research

Some bits of scientific research seem so obvious, you wonder why anyone even thought to do the study. But this seemingly obvious result out of the UK does have some surprises. Researchers found that kids who read for enjoyment end up doing better in school - which most of us probably realize. But it turns out that when researchers controlled for many different factors, reading for pleasure actually outranked parental education as a major factor in kids' academic progress. So if you want disadvantaged kids to learn more in school, cultivate a love of reading outside of it.

flickr user el frijole

  If you want to know how kids gets their ideas about something like race or gender, it’s not just a matter of asking them. They might not know where they got their ideas. And you can’t really control all the variables.

For nearly two decades, psychologist Rebecca Bigler at the University of Texas has been testing race and gender ideas using colored t-shirts in a summer school program. 

What is the State of Opportunity project?

Jul 2, 2012

Michigan was once the epicenter of economic opportunity. Here, a person could move out of poverty and into the middle class simply by getting a job on the assembly line. Millions of people did just that.

But today, the path out of poverty seems narrow in Michigan. And the outlook for the next generation can look downright scary.

Here is what we know:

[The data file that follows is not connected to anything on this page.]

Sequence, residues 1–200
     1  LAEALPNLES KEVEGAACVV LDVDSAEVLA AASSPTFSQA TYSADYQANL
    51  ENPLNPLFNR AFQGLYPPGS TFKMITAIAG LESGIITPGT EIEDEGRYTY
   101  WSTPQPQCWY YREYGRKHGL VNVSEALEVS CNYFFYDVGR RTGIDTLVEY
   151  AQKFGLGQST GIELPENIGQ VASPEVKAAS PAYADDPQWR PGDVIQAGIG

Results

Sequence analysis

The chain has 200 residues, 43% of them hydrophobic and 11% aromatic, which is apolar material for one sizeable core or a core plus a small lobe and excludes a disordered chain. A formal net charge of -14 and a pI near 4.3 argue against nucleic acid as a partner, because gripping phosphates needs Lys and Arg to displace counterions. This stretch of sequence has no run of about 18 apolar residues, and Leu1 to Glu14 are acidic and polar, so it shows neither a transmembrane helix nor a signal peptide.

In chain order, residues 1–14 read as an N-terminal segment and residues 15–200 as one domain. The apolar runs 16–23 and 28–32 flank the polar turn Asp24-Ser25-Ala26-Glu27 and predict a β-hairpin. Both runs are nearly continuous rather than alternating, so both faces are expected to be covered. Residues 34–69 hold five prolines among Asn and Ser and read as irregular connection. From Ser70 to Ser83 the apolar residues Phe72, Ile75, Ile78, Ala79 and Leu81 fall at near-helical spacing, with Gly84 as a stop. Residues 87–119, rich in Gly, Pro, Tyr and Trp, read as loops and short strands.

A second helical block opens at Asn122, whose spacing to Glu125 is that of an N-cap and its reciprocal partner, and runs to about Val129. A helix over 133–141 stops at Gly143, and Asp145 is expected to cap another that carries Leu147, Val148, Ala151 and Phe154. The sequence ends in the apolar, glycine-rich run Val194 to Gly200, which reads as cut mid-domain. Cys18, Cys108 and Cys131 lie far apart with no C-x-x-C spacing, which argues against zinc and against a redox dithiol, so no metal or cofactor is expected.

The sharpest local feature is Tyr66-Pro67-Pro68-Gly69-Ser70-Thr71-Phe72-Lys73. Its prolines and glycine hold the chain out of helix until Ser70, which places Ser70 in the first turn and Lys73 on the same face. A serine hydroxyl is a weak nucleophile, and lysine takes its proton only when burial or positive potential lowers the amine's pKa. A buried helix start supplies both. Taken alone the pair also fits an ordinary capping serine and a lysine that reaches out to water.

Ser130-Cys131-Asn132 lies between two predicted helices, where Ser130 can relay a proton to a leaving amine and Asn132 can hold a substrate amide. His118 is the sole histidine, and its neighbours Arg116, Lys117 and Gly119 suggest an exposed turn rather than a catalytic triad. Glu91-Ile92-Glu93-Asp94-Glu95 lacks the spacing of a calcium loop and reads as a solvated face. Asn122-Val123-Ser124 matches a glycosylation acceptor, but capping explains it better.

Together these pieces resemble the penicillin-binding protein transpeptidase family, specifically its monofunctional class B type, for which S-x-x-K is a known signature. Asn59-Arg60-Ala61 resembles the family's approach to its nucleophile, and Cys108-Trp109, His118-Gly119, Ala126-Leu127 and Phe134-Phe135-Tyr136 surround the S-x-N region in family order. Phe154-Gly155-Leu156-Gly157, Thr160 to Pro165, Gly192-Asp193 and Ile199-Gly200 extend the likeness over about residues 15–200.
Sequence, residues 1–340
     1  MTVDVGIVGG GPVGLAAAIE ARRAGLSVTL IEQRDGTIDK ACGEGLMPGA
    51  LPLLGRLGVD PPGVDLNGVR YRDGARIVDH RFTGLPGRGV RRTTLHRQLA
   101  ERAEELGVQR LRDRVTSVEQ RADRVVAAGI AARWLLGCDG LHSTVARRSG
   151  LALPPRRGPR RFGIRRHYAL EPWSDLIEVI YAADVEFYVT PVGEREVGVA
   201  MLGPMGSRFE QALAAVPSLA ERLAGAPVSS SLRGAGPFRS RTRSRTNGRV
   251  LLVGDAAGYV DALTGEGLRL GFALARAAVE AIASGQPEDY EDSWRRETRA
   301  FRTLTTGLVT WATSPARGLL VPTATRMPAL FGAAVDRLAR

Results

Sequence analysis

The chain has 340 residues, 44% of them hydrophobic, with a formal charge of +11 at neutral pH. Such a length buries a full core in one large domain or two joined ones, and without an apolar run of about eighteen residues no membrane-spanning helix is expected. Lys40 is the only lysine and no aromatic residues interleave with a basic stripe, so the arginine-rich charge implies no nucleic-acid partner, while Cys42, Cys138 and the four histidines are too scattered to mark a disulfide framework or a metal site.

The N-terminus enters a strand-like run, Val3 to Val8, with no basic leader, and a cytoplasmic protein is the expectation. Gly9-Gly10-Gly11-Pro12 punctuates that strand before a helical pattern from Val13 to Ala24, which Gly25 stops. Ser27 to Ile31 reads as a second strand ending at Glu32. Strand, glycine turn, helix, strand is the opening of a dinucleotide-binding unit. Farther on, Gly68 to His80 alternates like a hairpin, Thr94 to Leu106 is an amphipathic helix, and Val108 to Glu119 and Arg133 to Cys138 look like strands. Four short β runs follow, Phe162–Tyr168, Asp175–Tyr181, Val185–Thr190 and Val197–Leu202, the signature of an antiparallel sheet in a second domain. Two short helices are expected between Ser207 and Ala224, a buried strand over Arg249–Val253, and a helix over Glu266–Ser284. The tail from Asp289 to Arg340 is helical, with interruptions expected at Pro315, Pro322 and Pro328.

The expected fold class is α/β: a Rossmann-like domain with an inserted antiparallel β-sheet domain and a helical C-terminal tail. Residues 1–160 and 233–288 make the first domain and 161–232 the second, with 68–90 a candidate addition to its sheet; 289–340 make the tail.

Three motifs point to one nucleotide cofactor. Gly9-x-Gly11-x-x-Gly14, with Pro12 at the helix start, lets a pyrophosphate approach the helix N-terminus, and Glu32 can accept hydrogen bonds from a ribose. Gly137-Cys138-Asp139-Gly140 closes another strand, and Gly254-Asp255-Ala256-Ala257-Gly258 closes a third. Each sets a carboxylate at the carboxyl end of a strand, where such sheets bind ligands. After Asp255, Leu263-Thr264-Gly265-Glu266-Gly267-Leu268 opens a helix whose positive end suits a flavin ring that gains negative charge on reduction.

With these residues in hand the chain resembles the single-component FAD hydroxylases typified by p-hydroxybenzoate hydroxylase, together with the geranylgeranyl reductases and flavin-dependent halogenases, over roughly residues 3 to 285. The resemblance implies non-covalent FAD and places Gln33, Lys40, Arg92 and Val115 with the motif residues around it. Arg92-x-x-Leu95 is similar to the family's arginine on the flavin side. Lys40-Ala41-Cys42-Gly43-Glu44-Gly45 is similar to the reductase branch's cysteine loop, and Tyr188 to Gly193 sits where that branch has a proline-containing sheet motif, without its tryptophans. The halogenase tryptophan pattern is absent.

Nearly one out of four children in Michigan lives in poverty. The disadvantages these kids face start piling up before they’re even born. Pregnant mothers living in poverty are less likely to get good prenatal care, and more likely to have negative birth outcomes, such as low birth weight or early delivery. When their children are born, it’s less likely they’ll have the time or the resources for development activities such as reading. By the time these kids enter kindergarten, they’re already far behind their middle and upper class peers. And the gap only gets worse with time.

It's a core belief in America that every child should have the opportunity to succeed, no matter where they live or how much money is in their parents' bank account.

But the brutal truth is 42 percent of children raised in poverty stay in poverty as adults. Among those who make it out, most don’t make it very far.

So how do we break the cycle? That’s what this new project is all about.